Toler’s landscapes fill our senses with nature, adventure and exploration. Toler uses brilliant colors and moody compositions, pulling the viewer inward and then outward to view a new perspective, reinforcing a sense of closeness and warmth.
Toler’s stylized portraits combine the head, face and shoulder and sometimes hands and arms, in a broad array of colorful and diverse presentations. Toler’s portrait series show a plethora of human facial conceptions.
These expressive pieces communicate a diverse range of experiences. Toler’s figure art represents the best of personal stories, familial expressions and communal connections. These peak our interest because of their bold and colorful combinations of colors, shapes and forms.
Animals are our earthly companions. They fly. They jump. They crawl. Their spirits inch their way into our hearts. In folklore animals speak and communicate mysteriously to humans, often offering lessons that guide humans on how to live.
Bold, beautiful buds and blossoms filled with color and vibrational rhythms bring to life their natural floral essence. Toler’s flower-patterned structures encompass a vast array of flower-like vegetation spanning unusual shapes and sizes. In Toler’s flower art collection, her flowers are used to celebrate, mark transition, and to bring renewable joy and healing.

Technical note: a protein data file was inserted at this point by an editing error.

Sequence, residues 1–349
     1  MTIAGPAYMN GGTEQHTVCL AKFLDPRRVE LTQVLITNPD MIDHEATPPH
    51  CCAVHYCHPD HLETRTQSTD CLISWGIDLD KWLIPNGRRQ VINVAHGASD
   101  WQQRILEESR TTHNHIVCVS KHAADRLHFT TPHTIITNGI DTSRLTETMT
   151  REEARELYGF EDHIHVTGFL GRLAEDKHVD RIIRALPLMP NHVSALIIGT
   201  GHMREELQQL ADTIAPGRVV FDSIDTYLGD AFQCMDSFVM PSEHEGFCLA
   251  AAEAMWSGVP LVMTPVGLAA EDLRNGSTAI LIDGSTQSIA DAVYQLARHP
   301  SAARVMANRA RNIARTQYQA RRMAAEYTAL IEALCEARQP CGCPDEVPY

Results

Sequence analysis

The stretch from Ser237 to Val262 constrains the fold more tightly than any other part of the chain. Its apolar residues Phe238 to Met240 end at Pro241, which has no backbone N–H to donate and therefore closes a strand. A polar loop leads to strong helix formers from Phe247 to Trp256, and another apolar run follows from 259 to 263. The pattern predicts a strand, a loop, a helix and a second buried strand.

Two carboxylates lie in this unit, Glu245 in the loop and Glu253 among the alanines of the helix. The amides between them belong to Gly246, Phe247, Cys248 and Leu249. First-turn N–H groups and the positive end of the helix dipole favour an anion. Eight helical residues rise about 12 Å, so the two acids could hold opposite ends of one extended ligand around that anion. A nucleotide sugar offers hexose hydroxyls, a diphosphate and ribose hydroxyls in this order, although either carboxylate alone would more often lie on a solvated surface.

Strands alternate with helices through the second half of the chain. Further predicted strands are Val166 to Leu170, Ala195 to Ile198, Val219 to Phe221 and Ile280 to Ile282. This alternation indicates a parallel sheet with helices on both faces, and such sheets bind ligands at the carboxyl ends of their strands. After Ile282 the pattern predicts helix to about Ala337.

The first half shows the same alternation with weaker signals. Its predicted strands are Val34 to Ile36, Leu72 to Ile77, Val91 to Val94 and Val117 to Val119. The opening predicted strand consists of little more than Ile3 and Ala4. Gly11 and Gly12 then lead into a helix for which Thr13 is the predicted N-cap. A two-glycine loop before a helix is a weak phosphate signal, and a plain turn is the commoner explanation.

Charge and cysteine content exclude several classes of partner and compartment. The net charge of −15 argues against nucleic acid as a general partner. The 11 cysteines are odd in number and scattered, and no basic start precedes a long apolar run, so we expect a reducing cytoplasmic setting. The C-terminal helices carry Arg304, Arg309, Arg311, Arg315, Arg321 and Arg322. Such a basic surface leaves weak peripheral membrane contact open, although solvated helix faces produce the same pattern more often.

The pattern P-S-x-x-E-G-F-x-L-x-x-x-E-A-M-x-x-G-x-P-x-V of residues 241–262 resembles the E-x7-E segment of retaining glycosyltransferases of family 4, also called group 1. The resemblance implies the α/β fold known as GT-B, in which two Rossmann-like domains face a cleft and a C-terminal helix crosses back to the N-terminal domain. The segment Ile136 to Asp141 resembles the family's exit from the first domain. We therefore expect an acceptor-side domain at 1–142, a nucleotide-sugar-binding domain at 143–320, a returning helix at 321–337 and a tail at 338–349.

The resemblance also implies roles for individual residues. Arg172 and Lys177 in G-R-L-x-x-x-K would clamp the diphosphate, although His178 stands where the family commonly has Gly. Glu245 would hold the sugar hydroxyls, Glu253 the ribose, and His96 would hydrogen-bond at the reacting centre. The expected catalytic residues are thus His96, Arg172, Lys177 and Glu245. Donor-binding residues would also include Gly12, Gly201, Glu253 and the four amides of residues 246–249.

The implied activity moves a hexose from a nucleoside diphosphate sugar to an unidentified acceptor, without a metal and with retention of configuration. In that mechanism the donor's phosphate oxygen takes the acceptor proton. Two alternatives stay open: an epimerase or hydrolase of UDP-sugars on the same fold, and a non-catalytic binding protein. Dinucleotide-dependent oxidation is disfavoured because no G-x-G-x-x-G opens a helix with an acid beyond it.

Toler’s abstracts communicate a clear and interesting message of media diversity, compositional competence and design tension. Focusing on these abstract works of art provide an overarching overview of both horizontal and vertical underpinnings. The shapes and colors pull the viewer out of the ordinary personal realm and invite the viewer to go deeper, discovering depths that await within—unexplored, dramatic, and restless.
The mandala represents a basic archetypal image of the self. Psychologist Carl Jung believed that his success around this “individuation” process began with his consistent commitment to the making of mandalas. In this collection, Toler constructs a visual voice, using color and design to refine a visual language that depicts communications with the self. Beginning with this archetypal design, Toler’s collection holds an overview of personal and collective reflections.
This unique selection of cards represents a stunning review of original art works currently located in the homes and offices of a diverse group of people from around the United States. People who have purchased these works of art, from Boston to San Francisco, will readily admit these pieces provide outstanding value and offer their owners and their families a lifetime of comfort and pleasure.